When the temperature rises, you might find your electric and gas bills increase, too. Spring is a great time to try out new ways you can save money on your home utilities—leaving you some extra funds to pay down debt, invest, or even put towards a summer vacation!

Here are a few simple and inexpensive ways you can trim your spring-weather utility bills, from energy.gov.

Use natural ventilation. If you live in a climate where it’s much cooler at night than during the day, turn off your cooling system. You can open the windows and let some fresh air circulate, free of charge.

Be sure to close the windows, blinds, and curtains in the morning to keep the hot sun from raising indoor temperatures. If you want to go one step further, you can learn about how to improve the heat efficiency of your window coverings.

Turn on the fans. Did you know that using a ceiling fan will effectively allow you to set the temperature 4 degrees higher with the same comfort level? Just remember to turn fans off when you leave, since the cooling effect created by the breeze only works for people, not rooms.

It’s a good idea to use fans in the bathroom to dissipate heat and humidity as well, and make sure they’re ventilated to the outside—not the attic. If you have fans in the laundry room and kitchen, spot ventilation can be very useful for lowering room temperatures.

Watch your thermostat. If you set your temperatures as high as possible when the weather’s warm, your air conditioner will turn on less often. Setting your thermostat lower than you normally would when you’re hoping to cool a room quickly won’t work, either, and it could result in an unnecessary added expense.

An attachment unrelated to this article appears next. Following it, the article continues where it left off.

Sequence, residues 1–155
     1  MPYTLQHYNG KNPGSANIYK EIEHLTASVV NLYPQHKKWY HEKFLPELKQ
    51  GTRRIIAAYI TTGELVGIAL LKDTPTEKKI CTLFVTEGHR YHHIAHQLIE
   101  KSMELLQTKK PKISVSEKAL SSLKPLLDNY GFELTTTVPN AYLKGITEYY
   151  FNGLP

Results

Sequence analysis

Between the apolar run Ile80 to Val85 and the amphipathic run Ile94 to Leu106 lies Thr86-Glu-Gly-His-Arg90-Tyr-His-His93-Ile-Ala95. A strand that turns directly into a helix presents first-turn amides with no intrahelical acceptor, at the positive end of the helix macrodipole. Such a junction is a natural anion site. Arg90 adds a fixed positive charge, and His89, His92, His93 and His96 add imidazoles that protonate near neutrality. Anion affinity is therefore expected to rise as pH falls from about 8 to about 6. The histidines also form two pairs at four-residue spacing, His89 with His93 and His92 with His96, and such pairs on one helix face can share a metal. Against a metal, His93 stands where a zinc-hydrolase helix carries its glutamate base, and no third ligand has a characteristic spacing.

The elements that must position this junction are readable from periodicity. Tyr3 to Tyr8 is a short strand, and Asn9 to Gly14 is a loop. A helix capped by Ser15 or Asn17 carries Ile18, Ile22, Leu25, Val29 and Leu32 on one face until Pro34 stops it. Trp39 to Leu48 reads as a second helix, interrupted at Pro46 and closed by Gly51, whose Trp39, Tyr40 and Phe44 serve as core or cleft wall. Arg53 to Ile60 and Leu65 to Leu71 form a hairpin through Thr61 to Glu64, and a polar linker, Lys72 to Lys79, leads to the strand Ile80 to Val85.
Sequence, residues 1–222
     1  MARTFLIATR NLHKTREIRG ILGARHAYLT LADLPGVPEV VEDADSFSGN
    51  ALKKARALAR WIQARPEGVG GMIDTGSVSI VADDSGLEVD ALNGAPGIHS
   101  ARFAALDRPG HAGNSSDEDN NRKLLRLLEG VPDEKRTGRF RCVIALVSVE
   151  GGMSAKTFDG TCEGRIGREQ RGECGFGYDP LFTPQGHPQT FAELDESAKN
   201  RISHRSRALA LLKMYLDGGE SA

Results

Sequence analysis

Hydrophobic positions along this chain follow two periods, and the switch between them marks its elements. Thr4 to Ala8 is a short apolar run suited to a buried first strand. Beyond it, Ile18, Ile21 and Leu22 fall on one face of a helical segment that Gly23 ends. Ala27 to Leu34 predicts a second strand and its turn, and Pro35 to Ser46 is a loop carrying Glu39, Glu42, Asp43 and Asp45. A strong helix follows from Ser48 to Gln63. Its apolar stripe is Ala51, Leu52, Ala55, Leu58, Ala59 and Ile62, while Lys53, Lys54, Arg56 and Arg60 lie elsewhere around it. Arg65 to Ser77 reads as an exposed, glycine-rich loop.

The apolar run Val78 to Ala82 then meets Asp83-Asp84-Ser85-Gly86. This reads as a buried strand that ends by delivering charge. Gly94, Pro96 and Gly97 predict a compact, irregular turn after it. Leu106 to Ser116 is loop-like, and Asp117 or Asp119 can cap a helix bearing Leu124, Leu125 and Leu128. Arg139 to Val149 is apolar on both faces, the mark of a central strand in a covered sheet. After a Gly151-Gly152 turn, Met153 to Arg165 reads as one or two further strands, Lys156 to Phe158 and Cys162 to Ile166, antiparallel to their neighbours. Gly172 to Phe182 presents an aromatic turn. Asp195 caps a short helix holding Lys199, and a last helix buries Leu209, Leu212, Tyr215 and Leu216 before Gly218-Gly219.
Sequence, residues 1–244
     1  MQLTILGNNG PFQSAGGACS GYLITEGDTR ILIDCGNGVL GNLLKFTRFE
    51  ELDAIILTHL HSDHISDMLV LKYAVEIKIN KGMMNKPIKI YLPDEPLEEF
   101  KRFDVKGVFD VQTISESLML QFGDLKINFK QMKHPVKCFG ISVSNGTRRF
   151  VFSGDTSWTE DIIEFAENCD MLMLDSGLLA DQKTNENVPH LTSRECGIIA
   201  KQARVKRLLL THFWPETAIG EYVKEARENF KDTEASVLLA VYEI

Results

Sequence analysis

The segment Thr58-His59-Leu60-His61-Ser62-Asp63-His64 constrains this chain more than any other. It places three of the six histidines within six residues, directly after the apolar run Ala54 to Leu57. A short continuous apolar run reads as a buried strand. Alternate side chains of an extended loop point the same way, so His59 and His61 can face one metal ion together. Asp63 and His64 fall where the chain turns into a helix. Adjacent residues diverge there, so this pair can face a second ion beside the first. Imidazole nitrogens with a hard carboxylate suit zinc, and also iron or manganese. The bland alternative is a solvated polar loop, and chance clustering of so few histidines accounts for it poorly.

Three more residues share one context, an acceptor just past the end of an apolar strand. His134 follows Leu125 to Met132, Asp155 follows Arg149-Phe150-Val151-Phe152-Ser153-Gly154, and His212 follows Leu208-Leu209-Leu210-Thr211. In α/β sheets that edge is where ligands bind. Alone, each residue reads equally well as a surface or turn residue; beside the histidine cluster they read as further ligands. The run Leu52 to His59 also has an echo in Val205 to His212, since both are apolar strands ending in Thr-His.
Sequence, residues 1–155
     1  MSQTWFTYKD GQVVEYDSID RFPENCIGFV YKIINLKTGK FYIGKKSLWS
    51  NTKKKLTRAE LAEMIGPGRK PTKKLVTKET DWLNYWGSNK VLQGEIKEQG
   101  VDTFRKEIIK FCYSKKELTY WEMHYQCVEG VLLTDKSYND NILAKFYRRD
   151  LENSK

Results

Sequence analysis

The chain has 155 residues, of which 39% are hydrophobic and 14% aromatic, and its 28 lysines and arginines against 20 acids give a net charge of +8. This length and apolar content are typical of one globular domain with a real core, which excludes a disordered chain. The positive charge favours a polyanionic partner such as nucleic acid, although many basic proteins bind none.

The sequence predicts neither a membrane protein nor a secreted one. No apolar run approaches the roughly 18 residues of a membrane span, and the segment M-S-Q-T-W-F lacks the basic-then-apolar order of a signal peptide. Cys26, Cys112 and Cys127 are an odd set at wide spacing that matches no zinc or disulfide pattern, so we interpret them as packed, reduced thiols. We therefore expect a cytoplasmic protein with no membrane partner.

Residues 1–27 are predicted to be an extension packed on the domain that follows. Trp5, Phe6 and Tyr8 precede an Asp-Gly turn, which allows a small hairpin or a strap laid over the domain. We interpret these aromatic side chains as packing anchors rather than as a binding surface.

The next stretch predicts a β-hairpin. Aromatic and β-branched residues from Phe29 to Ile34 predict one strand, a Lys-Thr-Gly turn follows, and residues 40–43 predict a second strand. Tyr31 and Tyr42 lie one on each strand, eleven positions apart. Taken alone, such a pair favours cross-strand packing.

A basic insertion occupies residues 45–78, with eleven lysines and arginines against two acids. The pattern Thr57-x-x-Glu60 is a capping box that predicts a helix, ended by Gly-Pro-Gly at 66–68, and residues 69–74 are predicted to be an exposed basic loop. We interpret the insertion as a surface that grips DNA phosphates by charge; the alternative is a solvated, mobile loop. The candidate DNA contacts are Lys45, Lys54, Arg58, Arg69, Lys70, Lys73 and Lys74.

Keeping your home warm when you’re not there is also a good way to cut unneeded costs without sacrificing comfort. If you don’t have programmable thermostat, it’s still easy to raise the temperature when you return home.

Grill! In warm weather, you can avoid heating your home further by grilling outside. If you leave your hot oven off, you can also use your cooktop or microwave to keep temperatures lower.

Reduce hot water use. If you take shorter showers and only wash full loads of dishes and laundry, you can help reduce heat buildup in your home and save money on your water bill, too. Water heating can cost between 14% and 25% of the energy use in your home, so turning down the setting to “warm” (120° F) can save you loads, as well as prevent you from scalding your skin!

Use efficient lighting. Only about 10-15% of the energy used by incandescent bulbs is converted to light; the rest produces heat. Installing energy-efficient lighting in your home not only lowers heating costs, but electrical use as well. Find out more about efficient lighting here. Turn off the lights when you aren’t using them, and use natural lighting whenever possible.


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